Although the week began with a roar of bullish energy, later developments suggested a different market direction. Last week, the news was strictly focused on strong US demand data, tight inventories globally, and supply limitations for OPEC countries. This week, however, brought more focus back to China’s economic challenges… especially their zero-COVID strategy. Lockdowns have once again hindered factory output and consumer demand, putting their growth in jeopardy.
The Iran Nuclear Deal is also back in play, with both countries pushing towards a deal that would allow Iran to sell 1-2 MMbpd more oil to the global market (plus immediately offload the 150-200 million barrels of floating storage they have today). Both sides have made positive comments, while noting obstacles that so far have not been solved. If signed, some analysts have suggested that oil prices could fall as low as $65/bbl by the end of next year, once Iran is back to full-time production.
This week the EIA showed yet another draw from crude and gasoline inventories, though diesel stocks ended the week with tiny increases. Diesel demand hit a record high for PADD 3 last week, and exports have been very strong. That’s made it hard for markets to build inventories ahead of the winter, a period when demand increases in the north.
In the Midwest, the Whiting refinery announced that maintenance would be completed by the end of this week, providing assurance that local supply challenges will not spiral out of control. The refinery provides a significant portion of fuel to the Wisconsin, Illinois, Indiana, and Ohio markets.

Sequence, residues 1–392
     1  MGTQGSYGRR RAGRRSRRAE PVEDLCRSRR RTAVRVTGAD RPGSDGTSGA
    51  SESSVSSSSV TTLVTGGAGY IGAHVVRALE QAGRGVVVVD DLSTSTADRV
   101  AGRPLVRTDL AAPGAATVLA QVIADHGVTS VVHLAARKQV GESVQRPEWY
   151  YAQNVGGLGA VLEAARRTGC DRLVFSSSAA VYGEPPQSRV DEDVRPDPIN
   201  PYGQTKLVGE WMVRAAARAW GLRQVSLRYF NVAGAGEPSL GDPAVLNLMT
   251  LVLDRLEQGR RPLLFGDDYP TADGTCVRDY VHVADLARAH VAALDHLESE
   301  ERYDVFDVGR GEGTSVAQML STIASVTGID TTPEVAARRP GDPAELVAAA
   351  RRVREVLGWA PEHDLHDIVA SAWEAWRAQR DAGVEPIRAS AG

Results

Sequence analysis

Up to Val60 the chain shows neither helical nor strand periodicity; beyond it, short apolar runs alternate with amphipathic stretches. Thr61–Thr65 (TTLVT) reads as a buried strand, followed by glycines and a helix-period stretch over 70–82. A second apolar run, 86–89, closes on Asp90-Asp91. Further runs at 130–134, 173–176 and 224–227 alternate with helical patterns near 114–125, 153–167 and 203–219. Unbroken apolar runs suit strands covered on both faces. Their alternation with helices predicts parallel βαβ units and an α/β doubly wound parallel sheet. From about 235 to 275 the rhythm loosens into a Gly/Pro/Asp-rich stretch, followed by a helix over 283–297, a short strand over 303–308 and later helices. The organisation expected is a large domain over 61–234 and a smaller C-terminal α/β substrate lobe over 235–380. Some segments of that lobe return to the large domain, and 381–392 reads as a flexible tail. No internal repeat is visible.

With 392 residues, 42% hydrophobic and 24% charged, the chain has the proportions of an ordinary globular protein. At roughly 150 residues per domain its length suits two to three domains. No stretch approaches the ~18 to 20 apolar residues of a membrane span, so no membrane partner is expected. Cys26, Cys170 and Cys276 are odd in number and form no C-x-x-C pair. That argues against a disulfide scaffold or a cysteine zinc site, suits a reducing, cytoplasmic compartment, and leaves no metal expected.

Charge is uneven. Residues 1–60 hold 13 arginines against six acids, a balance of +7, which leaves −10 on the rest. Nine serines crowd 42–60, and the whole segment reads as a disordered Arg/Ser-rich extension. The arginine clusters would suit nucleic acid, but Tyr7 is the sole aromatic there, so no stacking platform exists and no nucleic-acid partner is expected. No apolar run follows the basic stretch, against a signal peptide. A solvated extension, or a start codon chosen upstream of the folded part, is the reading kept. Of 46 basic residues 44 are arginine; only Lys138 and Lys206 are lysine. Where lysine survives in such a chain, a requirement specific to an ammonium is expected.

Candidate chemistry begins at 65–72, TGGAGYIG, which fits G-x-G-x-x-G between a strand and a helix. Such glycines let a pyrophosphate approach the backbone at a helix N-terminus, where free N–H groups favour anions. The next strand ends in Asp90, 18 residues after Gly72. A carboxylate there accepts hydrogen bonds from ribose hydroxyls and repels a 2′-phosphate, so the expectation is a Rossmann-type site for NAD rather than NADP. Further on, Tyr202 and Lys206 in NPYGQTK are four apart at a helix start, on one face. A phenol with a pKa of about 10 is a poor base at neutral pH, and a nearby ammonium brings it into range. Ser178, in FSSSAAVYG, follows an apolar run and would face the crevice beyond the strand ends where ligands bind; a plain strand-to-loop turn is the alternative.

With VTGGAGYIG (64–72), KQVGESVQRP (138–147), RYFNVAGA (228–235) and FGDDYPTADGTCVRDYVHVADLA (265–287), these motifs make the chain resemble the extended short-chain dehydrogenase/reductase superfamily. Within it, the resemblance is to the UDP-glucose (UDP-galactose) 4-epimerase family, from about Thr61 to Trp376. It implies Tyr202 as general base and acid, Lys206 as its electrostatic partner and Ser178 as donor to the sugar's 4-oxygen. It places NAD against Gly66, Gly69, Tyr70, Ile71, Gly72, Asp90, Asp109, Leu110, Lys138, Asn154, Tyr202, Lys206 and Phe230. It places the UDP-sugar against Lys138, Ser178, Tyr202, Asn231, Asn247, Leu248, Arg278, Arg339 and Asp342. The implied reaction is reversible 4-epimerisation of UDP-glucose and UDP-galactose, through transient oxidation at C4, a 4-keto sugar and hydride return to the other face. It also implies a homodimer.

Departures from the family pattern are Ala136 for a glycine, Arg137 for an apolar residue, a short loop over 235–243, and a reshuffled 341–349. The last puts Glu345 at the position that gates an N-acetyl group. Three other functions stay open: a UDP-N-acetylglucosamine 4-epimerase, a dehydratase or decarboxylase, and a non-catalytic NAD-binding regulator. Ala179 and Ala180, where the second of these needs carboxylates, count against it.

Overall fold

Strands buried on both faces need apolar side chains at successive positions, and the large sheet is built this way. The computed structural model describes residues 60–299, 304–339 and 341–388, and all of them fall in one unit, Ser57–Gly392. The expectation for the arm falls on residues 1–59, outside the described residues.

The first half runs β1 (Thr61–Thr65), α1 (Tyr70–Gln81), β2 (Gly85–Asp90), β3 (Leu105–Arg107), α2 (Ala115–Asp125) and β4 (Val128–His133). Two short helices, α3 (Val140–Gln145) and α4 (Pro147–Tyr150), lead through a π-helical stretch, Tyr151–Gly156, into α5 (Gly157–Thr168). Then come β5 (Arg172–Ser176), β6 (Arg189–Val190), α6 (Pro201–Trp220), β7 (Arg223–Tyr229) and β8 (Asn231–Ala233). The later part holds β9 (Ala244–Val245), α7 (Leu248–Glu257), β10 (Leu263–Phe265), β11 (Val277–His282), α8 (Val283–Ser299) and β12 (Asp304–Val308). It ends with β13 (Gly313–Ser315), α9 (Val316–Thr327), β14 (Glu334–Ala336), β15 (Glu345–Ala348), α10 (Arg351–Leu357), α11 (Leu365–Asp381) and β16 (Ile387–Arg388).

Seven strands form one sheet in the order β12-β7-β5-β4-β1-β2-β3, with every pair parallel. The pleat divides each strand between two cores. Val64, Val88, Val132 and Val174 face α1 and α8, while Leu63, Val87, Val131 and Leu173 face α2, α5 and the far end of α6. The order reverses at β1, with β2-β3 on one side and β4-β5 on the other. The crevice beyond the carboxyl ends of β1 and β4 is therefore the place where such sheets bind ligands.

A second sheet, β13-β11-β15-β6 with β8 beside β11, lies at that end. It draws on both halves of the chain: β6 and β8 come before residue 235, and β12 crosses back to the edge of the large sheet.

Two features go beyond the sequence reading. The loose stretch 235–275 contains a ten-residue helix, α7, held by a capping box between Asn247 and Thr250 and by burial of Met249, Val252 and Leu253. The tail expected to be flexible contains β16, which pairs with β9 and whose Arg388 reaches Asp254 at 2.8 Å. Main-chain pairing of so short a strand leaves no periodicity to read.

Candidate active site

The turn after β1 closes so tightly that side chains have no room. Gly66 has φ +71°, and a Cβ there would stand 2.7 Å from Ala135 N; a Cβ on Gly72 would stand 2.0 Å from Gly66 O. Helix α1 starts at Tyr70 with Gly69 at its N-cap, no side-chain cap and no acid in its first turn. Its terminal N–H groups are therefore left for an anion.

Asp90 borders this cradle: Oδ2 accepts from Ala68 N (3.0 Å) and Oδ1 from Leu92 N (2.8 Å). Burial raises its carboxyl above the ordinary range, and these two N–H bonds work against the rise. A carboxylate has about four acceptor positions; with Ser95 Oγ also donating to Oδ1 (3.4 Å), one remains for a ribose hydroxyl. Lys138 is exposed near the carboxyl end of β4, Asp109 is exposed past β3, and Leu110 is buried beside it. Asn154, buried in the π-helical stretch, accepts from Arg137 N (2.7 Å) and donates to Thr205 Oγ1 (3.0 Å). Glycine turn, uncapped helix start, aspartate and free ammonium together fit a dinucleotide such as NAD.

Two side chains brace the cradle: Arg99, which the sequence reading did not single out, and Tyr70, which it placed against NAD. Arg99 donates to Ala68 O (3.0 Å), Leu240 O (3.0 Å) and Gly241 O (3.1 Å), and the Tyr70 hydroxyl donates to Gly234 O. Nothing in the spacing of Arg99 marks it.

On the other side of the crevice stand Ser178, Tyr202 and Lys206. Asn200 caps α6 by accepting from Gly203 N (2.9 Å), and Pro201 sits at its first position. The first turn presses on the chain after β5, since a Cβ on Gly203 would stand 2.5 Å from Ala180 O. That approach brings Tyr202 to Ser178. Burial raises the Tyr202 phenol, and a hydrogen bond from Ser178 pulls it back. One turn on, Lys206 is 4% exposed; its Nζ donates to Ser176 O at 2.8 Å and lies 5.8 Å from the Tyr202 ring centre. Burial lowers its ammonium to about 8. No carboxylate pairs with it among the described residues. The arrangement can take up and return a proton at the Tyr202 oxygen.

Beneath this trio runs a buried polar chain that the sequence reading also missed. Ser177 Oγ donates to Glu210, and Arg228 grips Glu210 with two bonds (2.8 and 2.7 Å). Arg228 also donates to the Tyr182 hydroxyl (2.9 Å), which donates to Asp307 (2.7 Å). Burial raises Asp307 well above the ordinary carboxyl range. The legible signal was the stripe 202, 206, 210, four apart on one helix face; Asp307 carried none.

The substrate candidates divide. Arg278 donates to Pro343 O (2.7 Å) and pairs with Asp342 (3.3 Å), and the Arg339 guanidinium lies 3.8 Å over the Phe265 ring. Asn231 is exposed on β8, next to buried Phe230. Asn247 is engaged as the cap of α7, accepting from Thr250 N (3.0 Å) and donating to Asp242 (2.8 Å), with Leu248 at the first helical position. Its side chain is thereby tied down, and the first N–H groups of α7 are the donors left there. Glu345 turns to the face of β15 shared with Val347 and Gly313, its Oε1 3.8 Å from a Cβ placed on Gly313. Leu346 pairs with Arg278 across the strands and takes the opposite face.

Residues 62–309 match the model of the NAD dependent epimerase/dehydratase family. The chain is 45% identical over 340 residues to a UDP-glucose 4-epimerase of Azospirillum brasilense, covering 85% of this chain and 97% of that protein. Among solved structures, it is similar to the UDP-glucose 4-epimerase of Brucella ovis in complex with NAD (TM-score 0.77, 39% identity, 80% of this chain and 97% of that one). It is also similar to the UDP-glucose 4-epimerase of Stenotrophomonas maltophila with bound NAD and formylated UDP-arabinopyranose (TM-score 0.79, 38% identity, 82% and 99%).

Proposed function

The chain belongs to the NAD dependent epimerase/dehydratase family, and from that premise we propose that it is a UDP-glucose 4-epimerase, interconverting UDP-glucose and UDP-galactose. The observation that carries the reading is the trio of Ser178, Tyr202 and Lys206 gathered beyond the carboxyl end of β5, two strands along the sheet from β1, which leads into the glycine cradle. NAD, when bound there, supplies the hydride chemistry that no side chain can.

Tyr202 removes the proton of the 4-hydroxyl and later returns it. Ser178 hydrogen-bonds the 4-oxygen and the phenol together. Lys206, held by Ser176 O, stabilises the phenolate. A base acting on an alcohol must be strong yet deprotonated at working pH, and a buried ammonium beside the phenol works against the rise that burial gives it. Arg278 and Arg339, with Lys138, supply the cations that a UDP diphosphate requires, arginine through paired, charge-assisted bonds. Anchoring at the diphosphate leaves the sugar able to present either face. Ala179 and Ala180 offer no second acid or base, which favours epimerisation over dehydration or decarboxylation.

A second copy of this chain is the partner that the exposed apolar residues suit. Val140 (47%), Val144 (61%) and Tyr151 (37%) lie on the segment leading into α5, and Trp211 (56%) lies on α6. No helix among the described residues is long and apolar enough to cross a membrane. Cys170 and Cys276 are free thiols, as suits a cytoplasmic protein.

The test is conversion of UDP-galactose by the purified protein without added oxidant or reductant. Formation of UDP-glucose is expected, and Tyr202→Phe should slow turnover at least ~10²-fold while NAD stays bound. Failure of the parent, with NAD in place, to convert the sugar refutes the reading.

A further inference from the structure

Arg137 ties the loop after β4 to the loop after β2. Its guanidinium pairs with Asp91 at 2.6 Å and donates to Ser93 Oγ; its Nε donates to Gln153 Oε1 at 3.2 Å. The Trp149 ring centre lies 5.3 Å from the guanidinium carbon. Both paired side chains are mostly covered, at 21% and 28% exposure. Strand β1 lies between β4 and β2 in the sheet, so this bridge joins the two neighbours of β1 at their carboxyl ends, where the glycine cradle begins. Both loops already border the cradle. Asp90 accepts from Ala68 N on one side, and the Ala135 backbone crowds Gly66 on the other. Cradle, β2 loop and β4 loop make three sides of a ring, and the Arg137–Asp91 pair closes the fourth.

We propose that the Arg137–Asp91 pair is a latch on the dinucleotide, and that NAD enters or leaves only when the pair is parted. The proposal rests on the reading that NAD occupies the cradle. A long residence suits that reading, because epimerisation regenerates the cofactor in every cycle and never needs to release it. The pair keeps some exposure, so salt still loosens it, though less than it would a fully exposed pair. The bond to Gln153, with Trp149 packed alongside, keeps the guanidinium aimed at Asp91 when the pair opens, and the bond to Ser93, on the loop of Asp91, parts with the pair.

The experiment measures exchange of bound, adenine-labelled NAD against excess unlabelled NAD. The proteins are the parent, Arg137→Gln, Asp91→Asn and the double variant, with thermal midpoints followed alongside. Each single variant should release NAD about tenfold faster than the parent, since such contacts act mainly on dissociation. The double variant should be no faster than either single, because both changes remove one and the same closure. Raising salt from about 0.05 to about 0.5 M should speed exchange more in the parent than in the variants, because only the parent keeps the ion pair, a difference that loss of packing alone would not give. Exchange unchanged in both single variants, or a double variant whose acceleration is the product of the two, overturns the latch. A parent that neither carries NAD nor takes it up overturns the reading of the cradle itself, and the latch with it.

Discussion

Prices in Review
Crude oil prices opened the week at $92.96, and by the end of Monday prices had risen as high as $97/bbl. But prices turned lower after that, with prices crashing more than $5/bbl on Tuesday to just $91.64. Prices continued falling, hitting a low point around $86 before rebounding this morning. Today prices opened at $86.56, a loss of $6.40 (-6.9%).
Diesel prices plummeted this week. Opening Monday at $3.9975, prices fell 10 cents each day this week, and dropped 15 cents on Thursday. This morning, prices are slightly higher, with a 3 cent increase from yesterday’s closing price. The market opened at $3.5575 this morning, a loss of 44 cents (-11.0%).
Gasoline saw similar losses, bringing prices to levels not seen in months. Gasoline opened at $2.8398 on Monday, shedding 5 cents during the trading session. Like diesel, prices fell 10 cents on Tuesday and Wednesday, with a hefty 20 cent drop on Thursday. This morning, gasoline opened at $2.3853, a loss of 45 cents (-16.0%).